Paper No. 32-10
Presentation Time: 4:00 PM
THE SHURAM EXCURSION AS BURIAL OF BIOMINERALIZED CALCIUM CARBONATE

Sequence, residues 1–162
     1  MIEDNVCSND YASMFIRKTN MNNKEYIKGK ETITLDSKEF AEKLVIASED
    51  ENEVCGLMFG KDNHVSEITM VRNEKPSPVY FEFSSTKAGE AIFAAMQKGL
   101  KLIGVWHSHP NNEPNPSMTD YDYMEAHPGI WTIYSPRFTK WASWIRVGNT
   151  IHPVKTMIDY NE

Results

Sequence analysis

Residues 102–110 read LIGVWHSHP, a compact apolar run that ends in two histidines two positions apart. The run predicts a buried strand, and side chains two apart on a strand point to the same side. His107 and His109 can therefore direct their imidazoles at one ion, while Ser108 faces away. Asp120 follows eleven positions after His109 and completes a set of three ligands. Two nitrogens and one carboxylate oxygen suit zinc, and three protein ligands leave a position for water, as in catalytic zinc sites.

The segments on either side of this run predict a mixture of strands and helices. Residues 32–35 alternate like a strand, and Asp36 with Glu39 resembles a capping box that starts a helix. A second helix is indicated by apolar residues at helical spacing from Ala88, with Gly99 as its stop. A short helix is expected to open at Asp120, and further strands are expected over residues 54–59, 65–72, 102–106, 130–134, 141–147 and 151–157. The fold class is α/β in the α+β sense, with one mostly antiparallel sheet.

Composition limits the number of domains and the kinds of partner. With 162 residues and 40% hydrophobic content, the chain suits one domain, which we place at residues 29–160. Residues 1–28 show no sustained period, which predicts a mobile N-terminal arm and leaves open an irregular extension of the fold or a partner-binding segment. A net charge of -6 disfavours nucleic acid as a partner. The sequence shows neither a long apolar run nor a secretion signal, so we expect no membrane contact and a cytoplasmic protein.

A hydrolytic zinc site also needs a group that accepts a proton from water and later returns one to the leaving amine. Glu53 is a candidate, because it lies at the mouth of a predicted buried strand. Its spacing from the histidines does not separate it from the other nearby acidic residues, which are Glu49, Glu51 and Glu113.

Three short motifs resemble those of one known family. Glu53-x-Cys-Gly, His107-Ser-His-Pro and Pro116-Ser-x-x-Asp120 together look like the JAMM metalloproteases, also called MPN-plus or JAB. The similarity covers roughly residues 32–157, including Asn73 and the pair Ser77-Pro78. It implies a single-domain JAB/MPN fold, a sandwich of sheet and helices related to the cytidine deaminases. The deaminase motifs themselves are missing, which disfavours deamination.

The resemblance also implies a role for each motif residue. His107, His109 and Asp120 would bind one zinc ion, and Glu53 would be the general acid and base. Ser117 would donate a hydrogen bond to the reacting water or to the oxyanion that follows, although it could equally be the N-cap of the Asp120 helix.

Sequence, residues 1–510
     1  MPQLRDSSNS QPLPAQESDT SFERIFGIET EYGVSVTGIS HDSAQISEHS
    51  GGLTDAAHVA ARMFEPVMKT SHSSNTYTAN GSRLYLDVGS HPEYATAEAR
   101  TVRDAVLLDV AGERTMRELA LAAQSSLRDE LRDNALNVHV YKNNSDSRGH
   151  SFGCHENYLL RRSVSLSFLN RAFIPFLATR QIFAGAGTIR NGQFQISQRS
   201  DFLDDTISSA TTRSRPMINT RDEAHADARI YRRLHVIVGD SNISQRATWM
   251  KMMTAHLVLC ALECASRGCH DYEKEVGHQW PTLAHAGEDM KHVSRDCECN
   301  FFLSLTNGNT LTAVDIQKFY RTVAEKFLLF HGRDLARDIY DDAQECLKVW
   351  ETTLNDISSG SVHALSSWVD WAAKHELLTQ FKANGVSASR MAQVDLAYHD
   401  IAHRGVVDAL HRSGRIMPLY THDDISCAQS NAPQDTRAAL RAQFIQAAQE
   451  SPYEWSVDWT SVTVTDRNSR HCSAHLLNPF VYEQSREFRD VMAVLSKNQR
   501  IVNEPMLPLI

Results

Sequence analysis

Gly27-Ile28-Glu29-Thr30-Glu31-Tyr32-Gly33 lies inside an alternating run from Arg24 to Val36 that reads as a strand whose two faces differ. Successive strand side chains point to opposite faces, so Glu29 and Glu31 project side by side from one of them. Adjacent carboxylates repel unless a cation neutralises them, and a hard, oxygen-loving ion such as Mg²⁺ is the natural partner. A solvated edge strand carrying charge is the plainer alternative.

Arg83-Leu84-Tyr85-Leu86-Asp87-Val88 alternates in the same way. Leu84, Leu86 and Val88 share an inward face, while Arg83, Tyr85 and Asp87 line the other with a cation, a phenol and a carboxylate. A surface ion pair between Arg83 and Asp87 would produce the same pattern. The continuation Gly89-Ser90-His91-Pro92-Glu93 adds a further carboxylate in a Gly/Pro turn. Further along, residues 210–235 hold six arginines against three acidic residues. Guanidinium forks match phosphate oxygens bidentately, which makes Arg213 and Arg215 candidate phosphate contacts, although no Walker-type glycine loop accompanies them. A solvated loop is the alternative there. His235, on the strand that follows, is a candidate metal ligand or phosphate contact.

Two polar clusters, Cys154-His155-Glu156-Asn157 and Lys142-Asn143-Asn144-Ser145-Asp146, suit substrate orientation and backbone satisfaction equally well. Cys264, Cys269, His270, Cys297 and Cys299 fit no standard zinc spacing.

The Shuram excursion, a drop in carbonate δ13C to values as low as –12‰ (VPDB) in late Ediacaran shallow water carbonate sequences, has the lowest 13C/12C ratios of any globally synchronous negative δ13Ccarb excursion on record. Since its initial discovery nearly thirty years ago, contention has surrounded the mechanism responsible for this anomaly in Earth's carbon cycle record. Models for the Shuram excursion invoke either atypical behavior of global carbon cycle reservoirs, or alteration effects that disproportionately affected Ediacaran sediments. Fossil records indicate the Shuram excursion coincided with a time of evolutionary advances in biomineralization and the development of new macroscopic organisms, in a lead-up to the Cambrian radiation of biomineralizing metazoans. Primitive biomineralization is well-established to have involved precipitation of minerals onto organic frameworks. Accordingly, I consider a carbon cycle reservoir model treating the Shuram excursion as recording deposition of a biomineralized shell phase combining marine-derived calcium carbonate with organic carbon. This organic carbon is taken to have decayed after burial to a secondary, 13C-depleted calcite phase reflecting the δ18O signature of altering meteoric porewater. Mass balance permits a Shuram excursion of any duration to be produced by this effect. The biomineralized material producing the excursion is estimated to have initially had an organic carbon fraction of ~0.6 relative to total carbon, in agreement with fossil evidence indicating a major fraction of organic carbon in many Ediacaran biomineralized structures. Because extensive recrystallization of marine-derived carbonates is not necessarily invoked, this hypothesis is consistent with geochemical evidence for limited diagenesis in some Shuram excursion carbonates. Elevated organic carbon productivity is predicted to have occurred during the Shuram excursion, with a peak globally averaged organic burial fraction of roughly 0.4. While it is commonly suggested that the development of Ediacaran multicellular organisms was stimulated by a rise in oxygen in the late Ediacaran, this model also appears to suggest that rising oxygen levels during this time resulted from sequestration of organic carbon through burial of biomineralized material.